Yes, no matter how well you’re rolling along with your blog, there will come a point where you feel like your blogging rhythm suddenly disappeared.
For a while, I was regularly at least a week ahead when it came to planning blog posts. It was particularly important to me to reach that point in September because I knew I had wisdom teeth extraction surgery coming the first week of October.
(That, for the record, went far better than I expected.)
But not knowing how well it would go, I was sure I wanted to have at least five days of blog posts written and scheduled to appear beginning with the day of the surgery so I could focus on resting without having to write a new post every day. In other words, I planned to be able to take a few days off without the added stress of daily posting in the days immediately following the surgery. If I was able to write a few more posts a day or two afterward, I reasoned, I’d be that much further ahead.
And that’s pretty much how it worked: two days after the surgery, I wrote a few more posts.
Two weeks after the surgery, I was going on vacation and knew I wanted to stay a few posts ahead then, too, so I could enjoy myself but still keep the blog updated. So I posted ahead of schedule again.
And while I was on vacation, I wrote a few more posts, so that I was ahead of schedule again.
I remember distinctly thinking, “I’ve finally gotten to the point of staying ahead of schedule.”
That was just a couple of days before it all came crashing down.
There were a couple of days where I barely got a post up at all. If you go back and look at the calendar, you’ll see I didn’t miss a day in October. But what the calendar doesn’t show is the struggle — yes, the struggle was real! — to be able to post something every day.
Just a week earlier, it hadn’t been a problem. Now, it was all I could do to come up with a topic I could write a reasonable post about.
What happened? Nothing in particular, which is what every blogger dreads: For no rhyme or reason, you suddenly just feel you have nothing to say.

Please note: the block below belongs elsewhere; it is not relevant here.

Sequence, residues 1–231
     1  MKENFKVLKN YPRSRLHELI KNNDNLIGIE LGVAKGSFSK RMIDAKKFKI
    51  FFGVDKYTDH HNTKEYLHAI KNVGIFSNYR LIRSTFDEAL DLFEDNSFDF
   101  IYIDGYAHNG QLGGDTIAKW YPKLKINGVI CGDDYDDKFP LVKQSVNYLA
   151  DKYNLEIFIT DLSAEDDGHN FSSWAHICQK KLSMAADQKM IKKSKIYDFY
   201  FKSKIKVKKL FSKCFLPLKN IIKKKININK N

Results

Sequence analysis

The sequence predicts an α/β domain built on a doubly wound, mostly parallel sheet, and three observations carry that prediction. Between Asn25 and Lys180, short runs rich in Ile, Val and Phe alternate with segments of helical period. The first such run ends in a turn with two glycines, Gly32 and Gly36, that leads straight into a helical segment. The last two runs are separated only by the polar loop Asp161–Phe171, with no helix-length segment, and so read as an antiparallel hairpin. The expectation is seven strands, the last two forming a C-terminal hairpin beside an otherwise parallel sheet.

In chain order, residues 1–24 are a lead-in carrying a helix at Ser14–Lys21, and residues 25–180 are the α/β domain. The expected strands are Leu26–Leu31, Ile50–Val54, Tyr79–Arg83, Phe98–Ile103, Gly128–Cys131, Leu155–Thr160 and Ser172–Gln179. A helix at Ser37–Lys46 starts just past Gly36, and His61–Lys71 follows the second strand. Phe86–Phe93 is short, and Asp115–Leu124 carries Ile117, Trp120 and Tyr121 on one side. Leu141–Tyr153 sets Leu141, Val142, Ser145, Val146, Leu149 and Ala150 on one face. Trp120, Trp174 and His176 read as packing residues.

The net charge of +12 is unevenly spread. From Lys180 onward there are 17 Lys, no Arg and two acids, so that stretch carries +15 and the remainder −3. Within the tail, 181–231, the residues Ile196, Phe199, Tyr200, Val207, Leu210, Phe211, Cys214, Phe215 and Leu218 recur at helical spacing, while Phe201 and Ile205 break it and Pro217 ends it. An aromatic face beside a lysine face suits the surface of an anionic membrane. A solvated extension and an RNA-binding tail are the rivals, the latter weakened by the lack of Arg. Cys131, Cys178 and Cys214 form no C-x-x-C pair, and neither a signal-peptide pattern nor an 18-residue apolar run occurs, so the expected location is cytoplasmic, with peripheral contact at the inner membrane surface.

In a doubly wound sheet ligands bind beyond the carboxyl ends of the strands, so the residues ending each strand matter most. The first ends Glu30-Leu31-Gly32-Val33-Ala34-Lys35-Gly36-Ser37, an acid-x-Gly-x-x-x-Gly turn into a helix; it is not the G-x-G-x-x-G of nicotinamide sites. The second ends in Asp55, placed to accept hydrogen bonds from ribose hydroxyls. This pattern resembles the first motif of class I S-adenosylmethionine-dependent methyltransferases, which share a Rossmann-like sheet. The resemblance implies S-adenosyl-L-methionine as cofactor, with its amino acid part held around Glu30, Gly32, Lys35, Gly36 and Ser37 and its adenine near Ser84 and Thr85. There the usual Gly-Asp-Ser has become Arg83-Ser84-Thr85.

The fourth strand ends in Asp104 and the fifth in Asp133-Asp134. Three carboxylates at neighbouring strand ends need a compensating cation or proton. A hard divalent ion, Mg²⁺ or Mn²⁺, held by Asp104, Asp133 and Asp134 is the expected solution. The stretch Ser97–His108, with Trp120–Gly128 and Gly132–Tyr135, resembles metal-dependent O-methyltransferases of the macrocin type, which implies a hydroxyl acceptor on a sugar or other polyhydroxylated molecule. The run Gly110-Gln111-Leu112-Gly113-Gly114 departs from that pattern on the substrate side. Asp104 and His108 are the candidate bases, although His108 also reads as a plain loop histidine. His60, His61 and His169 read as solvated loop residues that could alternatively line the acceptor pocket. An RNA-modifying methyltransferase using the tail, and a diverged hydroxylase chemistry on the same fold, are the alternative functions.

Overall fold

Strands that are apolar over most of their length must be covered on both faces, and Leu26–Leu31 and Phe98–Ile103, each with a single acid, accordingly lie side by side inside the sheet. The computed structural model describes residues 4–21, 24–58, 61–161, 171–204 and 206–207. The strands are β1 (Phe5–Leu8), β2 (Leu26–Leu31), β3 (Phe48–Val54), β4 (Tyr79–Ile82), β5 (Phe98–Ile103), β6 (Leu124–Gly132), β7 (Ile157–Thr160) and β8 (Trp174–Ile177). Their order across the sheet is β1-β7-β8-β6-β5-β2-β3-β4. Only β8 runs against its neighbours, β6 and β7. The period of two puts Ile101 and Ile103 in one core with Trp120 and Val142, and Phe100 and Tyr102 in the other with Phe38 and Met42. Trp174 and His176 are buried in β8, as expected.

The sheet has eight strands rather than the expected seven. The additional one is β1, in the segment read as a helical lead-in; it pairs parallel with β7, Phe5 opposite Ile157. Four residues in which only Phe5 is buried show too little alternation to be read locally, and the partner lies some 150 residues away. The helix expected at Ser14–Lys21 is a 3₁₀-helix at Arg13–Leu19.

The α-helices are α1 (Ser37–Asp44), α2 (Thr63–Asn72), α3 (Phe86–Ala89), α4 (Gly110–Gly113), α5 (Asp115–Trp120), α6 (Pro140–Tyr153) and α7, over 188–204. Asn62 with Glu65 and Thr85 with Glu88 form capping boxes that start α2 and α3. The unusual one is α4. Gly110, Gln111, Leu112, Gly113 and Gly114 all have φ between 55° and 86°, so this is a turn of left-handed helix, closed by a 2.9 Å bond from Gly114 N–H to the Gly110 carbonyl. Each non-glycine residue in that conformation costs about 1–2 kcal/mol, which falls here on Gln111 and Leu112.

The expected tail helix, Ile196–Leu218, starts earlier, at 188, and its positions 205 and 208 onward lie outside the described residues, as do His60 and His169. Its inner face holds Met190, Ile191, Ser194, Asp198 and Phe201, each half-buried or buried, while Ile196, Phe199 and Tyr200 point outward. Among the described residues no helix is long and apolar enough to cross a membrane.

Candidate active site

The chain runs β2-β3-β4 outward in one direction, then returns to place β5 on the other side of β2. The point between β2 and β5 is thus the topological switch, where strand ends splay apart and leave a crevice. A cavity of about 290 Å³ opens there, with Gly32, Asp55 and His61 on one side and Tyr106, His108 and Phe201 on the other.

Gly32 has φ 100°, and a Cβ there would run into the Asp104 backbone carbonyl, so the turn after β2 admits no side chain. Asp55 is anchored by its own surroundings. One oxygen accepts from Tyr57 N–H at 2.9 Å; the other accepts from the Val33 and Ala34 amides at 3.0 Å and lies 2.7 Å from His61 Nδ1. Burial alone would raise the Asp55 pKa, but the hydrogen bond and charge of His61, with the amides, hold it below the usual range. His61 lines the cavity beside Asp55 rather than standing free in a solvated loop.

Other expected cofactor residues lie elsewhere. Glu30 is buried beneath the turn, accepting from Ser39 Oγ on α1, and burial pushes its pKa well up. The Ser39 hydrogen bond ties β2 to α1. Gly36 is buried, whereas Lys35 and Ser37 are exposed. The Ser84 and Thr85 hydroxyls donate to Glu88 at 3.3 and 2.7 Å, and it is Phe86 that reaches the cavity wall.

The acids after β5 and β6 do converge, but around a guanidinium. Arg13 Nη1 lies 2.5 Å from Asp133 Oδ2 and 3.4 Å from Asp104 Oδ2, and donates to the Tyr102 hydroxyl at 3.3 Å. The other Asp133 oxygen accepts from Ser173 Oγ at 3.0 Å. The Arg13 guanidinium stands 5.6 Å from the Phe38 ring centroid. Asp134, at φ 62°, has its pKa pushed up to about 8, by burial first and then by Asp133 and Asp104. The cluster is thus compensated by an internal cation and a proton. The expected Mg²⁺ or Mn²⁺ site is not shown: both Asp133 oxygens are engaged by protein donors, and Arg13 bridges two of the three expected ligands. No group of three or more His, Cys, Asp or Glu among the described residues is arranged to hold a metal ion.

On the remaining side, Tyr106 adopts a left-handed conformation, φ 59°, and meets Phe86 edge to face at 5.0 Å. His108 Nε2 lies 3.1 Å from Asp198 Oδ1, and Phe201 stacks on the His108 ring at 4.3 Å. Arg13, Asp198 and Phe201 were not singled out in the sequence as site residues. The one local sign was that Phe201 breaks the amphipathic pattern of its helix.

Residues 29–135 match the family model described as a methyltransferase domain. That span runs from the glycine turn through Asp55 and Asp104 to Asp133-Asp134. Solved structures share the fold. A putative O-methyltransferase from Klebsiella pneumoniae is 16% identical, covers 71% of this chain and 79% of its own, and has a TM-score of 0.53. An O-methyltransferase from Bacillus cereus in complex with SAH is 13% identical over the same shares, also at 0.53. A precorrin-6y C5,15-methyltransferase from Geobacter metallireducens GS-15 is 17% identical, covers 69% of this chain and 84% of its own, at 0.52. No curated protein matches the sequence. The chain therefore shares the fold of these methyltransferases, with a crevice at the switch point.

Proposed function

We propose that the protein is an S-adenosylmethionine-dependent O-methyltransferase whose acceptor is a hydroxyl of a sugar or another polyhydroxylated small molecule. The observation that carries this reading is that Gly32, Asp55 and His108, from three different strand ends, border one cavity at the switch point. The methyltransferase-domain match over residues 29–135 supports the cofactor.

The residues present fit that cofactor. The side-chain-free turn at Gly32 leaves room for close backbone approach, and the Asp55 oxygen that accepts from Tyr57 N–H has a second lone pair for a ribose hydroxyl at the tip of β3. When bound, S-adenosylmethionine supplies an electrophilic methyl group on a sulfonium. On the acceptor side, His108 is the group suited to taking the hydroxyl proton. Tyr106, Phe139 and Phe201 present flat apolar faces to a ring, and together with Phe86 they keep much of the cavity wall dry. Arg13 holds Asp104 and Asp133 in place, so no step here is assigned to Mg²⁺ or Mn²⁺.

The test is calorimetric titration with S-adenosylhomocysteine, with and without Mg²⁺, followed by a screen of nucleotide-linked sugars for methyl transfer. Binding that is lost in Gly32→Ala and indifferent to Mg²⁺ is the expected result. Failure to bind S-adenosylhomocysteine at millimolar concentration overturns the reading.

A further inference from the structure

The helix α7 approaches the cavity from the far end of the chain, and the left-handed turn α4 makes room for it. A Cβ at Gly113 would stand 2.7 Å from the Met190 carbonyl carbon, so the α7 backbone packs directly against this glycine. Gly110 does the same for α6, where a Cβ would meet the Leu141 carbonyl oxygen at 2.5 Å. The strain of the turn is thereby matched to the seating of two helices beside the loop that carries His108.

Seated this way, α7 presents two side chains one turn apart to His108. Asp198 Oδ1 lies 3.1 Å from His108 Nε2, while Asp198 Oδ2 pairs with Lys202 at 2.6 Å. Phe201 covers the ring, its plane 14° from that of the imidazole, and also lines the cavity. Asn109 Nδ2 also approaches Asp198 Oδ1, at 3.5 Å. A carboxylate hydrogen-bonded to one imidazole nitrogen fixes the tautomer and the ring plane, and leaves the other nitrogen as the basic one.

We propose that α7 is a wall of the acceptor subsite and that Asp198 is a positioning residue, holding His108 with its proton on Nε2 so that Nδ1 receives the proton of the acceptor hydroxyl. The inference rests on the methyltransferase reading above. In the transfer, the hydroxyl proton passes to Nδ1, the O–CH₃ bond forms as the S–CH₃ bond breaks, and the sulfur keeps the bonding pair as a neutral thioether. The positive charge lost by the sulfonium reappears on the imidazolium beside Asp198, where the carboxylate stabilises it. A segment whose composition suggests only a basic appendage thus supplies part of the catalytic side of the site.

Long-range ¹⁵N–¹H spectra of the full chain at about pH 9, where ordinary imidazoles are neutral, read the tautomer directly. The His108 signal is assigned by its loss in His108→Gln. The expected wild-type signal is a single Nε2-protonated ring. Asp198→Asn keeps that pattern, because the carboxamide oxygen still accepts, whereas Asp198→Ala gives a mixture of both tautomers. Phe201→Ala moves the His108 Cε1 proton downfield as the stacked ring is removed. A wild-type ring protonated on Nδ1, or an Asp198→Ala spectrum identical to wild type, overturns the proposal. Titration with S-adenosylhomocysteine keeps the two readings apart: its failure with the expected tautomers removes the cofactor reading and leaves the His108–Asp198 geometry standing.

It does happen to us all. And once you get past that kind of moment, you realize how easy getting past it actually was.
But it’s in that period where you’re feeling your worst Blogger’s Block that you begin to question if you’ll ever get out of it, just as it’s in the moments when you’re in the worst part of the flu when, somewhere in the back of your mind, you wonder, “Will I ever feel well again?”
You keep writing. You keep pressing on.
You take any idea that you can find: read a book, watch a TV show or movie, listen to a song, browse some other blogs or news websites. Or, go through your own blog archives and recall what was on your mind when you weren’t feeling that lost blogging rhythm.
As soon as you allow yourself to remember that this is a temporary situation and as soon as you allow yourself the grace to have a moment of Blogger’s Block, the ideas suddenly start coming in.
But that last part is the biggest challenge for me.
I have to remind myself that I’m not a machine, I’m a human being. I’m not perfect. My blog, therefore, won’t be, either.
Sometimes, it takes something as simple as giving yourself “permission” to have a slight case of Blogger’s Block to start moving that block right out of your way. And once that block starts sliding away, those ideas start coming back as if they were just hiding behind the door to play a practical joke on you. (Only this joke didn’t seem all that funny.)
So when you lose your blogging rhythm, don’t do the thing that, for whatever reason, seems the most natural: don’t beat yourself up about it. That only makes it worse.